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Leg Stress Fracture, Tibia
Liver Injury
Neck Dislocation
Neck Fracture
Neck Sprain
Neck Strain
Nose Injury
Pelvis Strain, Hip-Trunk
Pelvis Strain, Ischium
Perineum Contusion
Rib Dislocation
Rib Fracture
Rib Sprain
Rib Strain
Shoulder-Blade (Scapula) Bursitis
Shoulder-Blade (Scapula) Contusion
Shoulder-Blade Fracture, Acromion
Shoulder-Blade (Scapula) Fracture, Coracoid Process
Shoulder-Blade (Scapula) Fracture, Glenoid Fossa
Shoulder-Blade (Scapula) Fracture, Neck
Shoulder-Blade (Scapula) Strain
Shoulder Bursitis, Gleno-Humeral
Shoulder Bursitis, Subacromial
Shoulder Contusion
Shoulder Dislocation
Shoulder Sprain, Acromio-Clavicular
Shoulder Sprain, Gleno-Humeral
Shoulder Strain
Shoulder Tendinitis & Tenosynovitis
Skin Abrasion
Skin Laceration
Skin Puncture Wound
Spine Fracture, Lower Thoracic & Lumber Region
Spine Fracture, Sacrum
Spine Fracture, Tailbone
Spine Stress-Fracture, Neck or Back
Spleen Rupture
Thigh-Bone Fracture
Thigh Contusion
Thigh Hematoma
Thigh Injury, Hamstring
Thigh Strain, Quadriceps
Thigh Strain
Thumb Fracture
Thumb Sprain
Toe Dislocation
Toe Exostosis
Toe Fracture
Tooth Injury & loss
Wrist Contusion
Wrist Dislocation, Lunate
Wrist Dislocation, Radius or Ulna
Wrist Ganglion
Wrist Sprain
Wrist Strain
Wrist Tenosynovitis

Leg Stress Fracture, Tibia

A hairline fracture of the tibia that develops after repeated stress, such as prolonged standing, marching, running, jogging or walking.

Body Parts Involved

  • Tibia (large bone In the lower leg).
  • Soft tissue around the fracture site, Including muscles, joints, nerves, tendons, ligaments, periosteum (covering to bone), blood vessels and connective tissue.


Fatigue of the tibia bone caused by repeated overload.

Signs & Symptoms

  • Pain at the fracture site that lessens or disappears when the load is taken off the legs.
  • Tenderness to the touch.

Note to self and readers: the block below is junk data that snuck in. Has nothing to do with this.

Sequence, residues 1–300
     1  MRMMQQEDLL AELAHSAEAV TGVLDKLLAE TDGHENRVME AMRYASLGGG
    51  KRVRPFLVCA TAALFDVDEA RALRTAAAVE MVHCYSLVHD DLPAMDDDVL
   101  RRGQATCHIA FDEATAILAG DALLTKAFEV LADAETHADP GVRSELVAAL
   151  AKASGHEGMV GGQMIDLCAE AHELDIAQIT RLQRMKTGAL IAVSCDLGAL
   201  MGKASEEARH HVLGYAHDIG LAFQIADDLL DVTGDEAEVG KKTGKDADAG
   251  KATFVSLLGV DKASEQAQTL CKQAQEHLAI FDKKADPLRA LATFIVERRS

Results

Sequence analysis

• Warmth over the site of the fractured tibia.


Note: Follow your doctor's Instructions. These instructions are supplemental.

First Aid:- None. This injury develops gradually.

Continuing Care

  • This fracture does not require setting (realignment) because the fractured bone is not displaced.
  • Immobilization is sometimes required. if so, a rigid walking cast is placed around the lower leg.
  • After cast removal, use frequent ice massage. Fill a large Styrofoam cup with water and freeze. Tear a small amount of loam from the top so ice protrudes. Massage firmly over the injured area in a circle about the size of a baseball. Do this for 15 minutes at a time, 3 or 4 times a day, and before workouts or competition.
  • Apply  heat instead of ice, if it feels better. Use heat lamps, hot soaks, hot showers, healing pads, and heat liniments or ointments.
  • Take whirlpool treatments, if available.
  • Massage gently and often to provide comfort and decrease swelling.


Your doctor may prescribe:

  • Narcotic or synthetic narcotic pain relievers for severe pain.
  • Stool softeners to prevent constipation due to inactivity.
  • Acetaminophen or ibuprofen (available without prescription) for mild pain after initial treatment.

Home Diet

During recovery, eat a well-balanced diet that includes extra protein, such as meat, fish, poultry, cheese, milk and eggs. Increase fiber and fluid intake to prevent constipation that may result from decreased activity.

Diagnostic Measures

  • Your own observation of symptoms.
  • Medical history and physical exam by a doctor.
  • X-rays of the lower leg. X-rays are often normal for 10 to 24 days after symptoms begin before bone changes appear.
  • Radioactive technetium 99 scan (see Glossary), if symptoms are typical but X-rays
    are negative.
Prevention Tips
  • Heed early warnings of an impending fracture, such as log pain during or after extended standing, walking or running. Reduce activities before a fraction occurs.
  • Ensure an adequate calcium intake (1000mg to 1500mg a day) with milk and milk product or calcium supplements.


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